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Cryptogenic Organizing Pneumonia

(Bronchiolitis Obliterans Organizing Pneumonia)

By

Joyce Lee

, MD, MAS, University of Colorado School of Medicine

Last full review/revision Jun 2021| Content last modified Jun 2021
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Cryptogenic organizing pneumonia is an idiopathic condition in which granulation tissue obstructs alveolar ducts and alveolar spaces with chronic inflammation occurring in adjacent alveoli.

About one half of patients recall having an illness that resembled community-acquired pneumonia Community-Acquired Pneumonia Community-acquired pneumonia is defined as pneumonia that is acquired outside the hospital. The most commonly identified pathogens are Streptococcus pneumoniae, Haemophilus influenzae, atypical... read more Community-Acquired Pneumonia (ie, a nonresolving flu-like illness characterized by cough, fever, malaise, fatigue, and weight loss) at the onset of the illness. Progressive cough and exertional dyspnea are what usually prompt the patient to seek medical attention.

Chest examination demonstrates fine, dry, inspiratory crackles (Velcro crackles).

Diagnosis of Cryptogenic Organizing Pneumonia

  • High-resolution CT (HRCT)

  • Sometimes lung biopsy

Diagnosis of cryptogenic organizing pneumonia requires imaging tests and, if the diagnosis is not otherwise clear, surgical lung biopsy.

Chest x-ray shows bilateral, diffuse, peripherally distributed alveolar opacities with normal lung volumes; a peripheral distribution similar to chronic eosinophilic pneumonia Chronic Eosinophilic Pneumonia Chronic eosinophilic pneumonia (CEP) is a disorder of unknown etiology characterized by an abnormal, chronic accumulation of eosinophils in the lung. (See also Overview of Eosinophilic Pulmonary... read more may occur. Rarely, alveolar opacities are unilateral. Recurrent and migratory pulmonary opacities are common. Rarely, irregular linear or nodular interstitial opacities or honeycombing are visible at presentation.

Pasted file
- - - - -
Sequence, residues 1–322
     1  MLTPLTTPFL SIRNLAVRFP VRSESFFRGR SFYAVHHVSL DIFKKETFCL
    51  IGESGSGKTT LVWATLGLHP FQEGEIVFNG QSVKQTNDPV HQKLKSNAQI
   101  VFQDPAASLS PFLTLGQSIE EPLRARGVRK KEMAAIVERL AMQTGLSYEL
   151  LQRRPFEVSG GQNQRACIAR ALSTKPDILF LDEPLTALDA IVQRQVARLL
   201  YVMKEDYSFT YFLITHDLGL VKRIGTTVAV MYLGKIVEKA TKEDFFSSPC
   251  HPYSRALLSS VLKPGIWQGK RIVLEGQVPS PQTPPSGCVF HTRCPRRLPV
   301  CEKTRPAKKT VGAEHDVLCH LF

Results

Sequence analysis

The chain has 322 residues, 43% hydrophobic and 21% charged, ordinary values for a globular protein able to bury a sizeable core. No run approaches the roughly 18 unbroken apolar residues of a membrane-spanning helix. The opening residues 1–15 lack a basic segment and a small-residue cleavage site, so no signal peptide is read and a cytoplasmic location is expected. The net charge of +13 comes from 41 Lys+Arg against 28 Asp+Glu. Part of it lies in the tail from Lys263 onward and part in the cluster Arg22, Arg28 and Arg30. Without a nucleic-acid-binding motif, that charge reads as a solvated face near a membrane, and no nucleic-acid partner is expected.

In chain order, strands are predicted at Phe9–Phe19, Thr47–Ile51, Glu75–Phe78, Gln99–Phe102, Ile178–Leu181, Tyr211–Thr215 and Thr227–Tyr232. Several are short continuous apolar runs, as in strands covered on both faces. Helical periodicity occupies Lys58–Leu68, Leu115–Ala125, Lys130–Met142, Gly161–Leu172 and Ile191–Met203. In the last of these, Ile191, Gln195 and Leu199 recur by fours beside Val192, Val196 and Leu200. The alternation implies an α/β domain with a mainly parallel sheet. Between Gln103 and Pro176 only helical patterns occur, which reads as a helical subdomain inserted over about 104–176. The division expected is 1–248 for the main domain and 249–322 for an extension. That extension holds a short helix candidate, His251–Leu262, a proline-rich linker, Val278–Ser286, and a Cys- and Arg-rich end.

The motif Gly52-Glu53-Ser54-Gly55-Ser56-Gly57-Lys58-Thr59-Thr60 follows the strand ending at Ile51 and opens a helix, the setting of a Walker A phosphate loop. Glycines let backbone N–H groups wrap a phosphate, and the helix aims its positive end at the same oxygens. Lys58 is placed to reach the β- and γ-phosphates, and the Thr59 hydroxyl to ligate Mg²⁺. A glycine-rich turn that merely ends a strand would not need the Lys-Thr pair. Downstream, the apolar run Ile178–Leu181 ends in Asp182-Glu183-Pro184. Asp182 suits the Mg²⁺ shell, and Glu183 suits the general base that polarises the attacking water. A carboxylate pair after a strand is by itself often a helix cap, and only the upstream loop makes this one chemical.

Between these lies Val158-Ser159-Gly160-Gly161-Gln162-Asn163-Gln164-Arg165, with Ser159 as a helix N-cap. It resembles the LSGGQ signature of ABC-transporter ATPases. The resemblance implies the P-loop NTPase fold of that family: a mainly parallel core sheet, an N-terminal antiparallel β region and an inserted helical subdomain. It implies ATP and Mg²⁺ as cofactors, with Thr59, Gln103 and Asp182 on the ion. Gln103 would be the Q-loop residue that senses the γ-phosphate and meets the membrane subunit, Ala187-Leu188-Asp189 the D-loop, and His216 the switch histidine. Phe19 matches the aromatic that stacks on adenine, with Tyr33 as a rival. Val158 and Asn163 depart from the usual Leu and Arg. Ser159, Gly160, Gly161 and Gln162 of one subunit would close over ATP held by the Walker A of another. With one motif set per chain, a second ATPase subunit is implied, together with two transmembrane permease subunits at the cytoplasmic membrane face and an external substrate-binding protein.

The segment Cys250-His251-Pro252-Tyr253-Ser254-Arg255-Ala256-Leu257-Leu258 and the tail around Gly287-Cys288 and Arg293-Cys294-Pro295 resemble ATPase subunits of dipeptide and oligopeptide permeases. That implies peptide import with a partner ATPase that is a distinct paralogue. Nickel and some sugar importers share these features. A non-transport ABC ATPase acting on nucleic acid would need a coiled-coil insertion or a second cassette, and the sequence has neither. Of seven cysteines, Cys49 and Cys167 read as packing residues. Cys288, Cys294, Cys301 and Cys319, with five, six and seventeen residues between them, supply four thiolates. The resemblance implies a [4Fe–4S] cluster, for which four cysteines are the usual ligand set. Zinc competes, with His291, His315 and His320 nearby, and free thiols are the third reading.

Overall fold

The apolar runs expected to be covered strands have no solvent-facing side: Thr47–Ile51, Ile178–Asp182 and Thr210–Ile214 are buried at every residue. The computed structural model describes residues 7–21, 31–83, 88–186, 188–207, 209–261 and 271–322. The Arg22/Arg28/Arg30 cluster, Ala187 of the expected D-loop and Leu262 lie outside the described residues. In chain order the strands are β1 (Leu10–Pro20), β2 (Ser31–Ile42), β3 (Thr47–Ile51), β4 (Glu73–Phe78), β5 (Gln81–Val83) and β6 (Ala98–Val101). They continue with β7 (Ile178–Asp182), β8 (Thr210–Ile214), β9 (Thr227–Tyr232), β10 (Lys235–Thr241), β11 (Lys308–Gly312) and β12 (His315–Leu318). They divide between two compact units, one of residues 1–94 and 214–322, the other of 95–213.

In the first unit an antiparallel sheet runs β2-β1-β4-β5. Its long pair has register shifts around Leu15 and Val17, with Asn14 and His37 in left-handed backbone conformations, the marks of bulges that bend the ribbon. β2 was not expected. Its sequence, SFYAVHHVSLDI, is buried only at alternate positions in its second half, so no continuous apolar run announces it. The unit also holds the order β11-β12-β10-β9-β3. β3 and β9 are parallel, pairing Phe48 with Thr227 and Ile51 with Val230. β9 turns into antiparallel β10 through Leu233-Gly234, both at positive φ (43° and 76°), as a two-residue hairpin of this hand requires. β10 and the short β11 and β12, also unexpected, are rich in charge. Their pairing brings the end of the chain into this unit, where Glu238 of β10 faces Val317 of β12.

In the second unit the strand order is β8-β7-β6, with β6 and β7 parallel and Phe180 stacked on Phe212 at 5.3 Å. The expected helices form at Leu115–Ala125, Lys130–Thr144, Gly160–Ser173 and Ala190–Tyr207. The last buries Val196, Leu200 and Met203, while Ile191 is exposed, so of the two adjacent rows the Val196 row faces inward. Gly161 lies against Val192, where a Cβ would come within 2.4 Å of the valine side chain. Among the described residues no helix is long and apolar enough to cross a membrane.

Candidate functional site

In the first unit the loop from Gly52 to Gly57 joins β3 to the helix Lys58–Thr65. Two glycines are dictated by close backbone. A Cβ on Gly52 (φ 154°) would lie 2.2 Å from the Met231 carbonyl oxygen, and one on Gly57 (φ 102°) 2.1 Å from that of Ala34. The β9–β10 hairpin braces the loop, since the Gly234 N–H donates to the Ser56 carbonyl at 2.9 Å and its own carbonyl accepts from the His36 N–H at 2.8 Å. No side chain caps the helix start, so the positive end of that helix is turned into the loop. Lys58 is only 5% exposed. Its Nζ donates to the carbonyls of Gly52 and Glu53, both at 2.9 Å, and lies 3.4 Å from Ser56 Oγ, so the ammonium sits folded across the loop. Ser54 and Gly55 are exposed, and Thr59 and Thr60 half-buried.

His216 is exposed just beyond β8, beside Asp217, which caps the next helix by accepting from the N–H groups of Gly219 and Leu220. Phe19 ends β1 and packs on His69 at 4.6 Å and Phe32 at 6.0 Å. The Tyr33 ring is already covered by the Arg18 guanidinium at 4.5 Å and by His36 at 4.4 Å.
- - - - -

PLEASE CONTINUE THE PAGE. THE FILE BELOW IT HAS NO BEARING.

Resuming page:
HRCT of the lung shows patchy airspace consolidation (present in 90% of patients), ground-glass opacities, small nodular opacities, and bronchial wall thickening and dilation. The patchy opacities are more common in the periphery of the lung, often in the lower lung zone. HRCT may show much more extensive disease than is expected from review of the chest x-ray.

Pulmonary function tests Overview of Tests of Pulmonary Function Pulmonary function tests provide measures of airflow, lung volumes, gas exchange, response to bronchodilators, and respiratory muscle function. Basic pulmonary function tests available in the... read more usually show a restrictive defect, although an obstructive defect (ratio of forced expiratory volume in 1 second to forced vital capacity [FEV1/FVC] < 70%) is found in 21% of patients, and pulmonary function is occasionally normal.